Most non-sales job descriptions underemphasize the amount of selling required as part of our jobs. And, of all the selling we do, the ability to do “written selling” is, ironically, under-sold.
Written selling is all the writing we do on a daily basis – via long form documents, emails, and messaging conversations – to persuade others on the merits of whatever it is we’re selling.
We could be selling belief in a vision in a long form doc, the fact that we’re on top of the crisis-of-the-day in an email exchange, and that the task at hand is the best use of our teammate’s time over a message exchange.
When we picture selling, we picture the verbal version. But, in today’s workplace, our ability to write persuasively is a high leverage skill.
Our work won’t speak for itself. On a good day, it may just do 70% of the talking required. But, it still needs us to make the effort to package it and make the case for it.
But, it bears repeating – it won’t speak for itself. And, even if we build it well, they may not come. In fact, unless we put in the effort to sell it, they most likely won’t.
A useful assumption, then, is that quality work will do half the talking. The rest is up to us.
The world and the places we work seem fairer places once we internalize that and do the work to make sure our efforts count – after we do the work.
PS: The note to self version of this started with – “To my intense disappointment, I’ve come to realize that our work alone won’t speak for itself.” :-)
A great salesperson is always aware of the fact that buyers have one question in mind – “why should I bother?” His expertise in answering this question is what set Steve Jobs apart. Jobs didn’t just answer the question with “what” made Apple’s products special, he explained the “why” behind them and explained why you should care.
The challenges that teachers face aren’t different from those in sales. As teachers, students sitting in front of them ask the same question – “why should I bother?” There are many competing pursuits that a student would rather divert his/her attention towards. And, this is where schools, organizations and teachers slip. When attempting to hire great teachers, they screen for passion and expertise. Yes, passion and expertise are critical. If a car salesman didn’t look like an expert on cars or simply didn’t care, there is no way we’d want to engage. Why should we bother when he clearly doesn’t?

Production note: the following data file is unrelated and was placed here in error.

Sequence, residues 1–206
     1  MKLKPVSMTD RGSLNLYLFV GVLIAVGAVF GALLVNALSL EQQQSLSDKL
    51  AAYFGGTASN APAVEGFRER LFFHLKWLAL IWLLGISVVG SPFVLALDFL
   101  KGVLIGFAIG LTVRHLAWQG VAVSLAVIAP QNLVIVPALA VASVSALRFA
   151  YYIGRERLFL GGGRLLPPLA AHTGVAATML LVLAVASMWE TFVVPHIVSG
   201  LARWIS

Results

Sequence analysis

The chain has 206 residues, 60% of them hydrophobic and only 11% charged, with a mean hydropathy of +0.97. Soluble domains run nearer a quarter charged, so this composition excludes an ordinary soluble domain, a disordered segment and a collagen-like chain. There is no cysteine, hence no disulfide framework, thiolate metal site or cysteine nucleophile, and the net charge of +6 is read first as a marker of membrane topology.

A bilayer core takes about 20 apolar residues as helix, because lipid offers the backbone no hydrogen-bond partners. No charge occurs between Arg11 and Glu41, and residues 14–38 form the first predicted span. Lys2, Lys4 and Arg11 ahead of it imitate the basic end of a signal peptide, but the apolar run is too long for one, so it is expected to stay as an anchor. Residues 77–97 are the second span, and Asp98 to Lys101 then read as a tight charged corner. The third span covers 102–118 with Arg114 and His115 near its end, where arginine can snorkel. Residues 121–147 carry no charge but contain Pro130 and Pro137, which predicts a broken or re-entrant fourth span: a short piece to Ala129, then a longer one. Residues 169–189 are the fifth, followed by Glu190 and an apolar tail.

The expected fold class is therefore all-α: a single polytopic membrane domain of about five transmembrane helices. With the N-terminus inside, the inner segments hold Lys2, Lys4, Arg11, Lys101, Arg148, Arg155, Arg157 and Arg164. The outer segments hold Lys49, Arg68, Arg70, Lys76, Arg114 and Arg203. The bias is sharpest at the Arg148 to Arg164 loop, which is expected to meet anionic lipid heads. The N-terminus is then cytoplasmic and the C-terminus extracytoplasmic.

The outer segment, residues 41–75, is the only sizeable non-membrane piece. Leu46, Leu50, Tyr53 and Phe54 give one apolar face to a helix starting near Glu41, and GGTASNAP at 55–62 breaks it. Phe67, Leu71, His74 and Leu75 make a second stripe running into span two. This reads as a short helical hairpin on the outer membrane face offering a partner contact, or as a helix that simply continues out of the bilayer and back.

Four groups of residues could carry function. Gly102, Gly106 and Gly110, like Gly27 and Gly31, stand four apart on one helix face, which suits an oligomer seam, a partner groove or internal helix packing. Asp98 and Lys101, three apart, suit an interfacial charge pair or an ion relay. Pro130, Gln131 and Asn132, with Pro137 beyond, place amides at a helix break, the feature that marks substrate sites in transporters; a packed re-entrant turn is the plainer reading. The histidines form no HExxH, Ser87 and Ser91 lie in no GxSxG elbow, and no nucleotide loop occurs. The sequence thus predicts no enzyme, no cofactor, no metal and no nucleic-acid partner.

Passion and expertise only make for a good teacher, however. That’s because people with a lot passion and expertise often make the wrong assumption that everyone cares about their subject as much as they do. And, that is exactly what great teachers do differently – they don’t make that assumption simply because they are always aware that the person in front of them doesn’t actually care as much. In fact, they’re making the decision as to whether or not to care as they speak. So, great teachers sell like professionals. They sell the “why,” they sell the dream of a better life, and they sell hope.
We all play the role of teachers at various points in our lives. We teach as parents, as colleagues, as managers, as trainers, and as mentors and coaches. And, to really have an impact on those at the other end, it is critical we remember that transferring knowledge and expertise is just one half of the job. The other half is demonstrating why it matters, selling the importance of commitment, and answering that important question – “why should I bother?”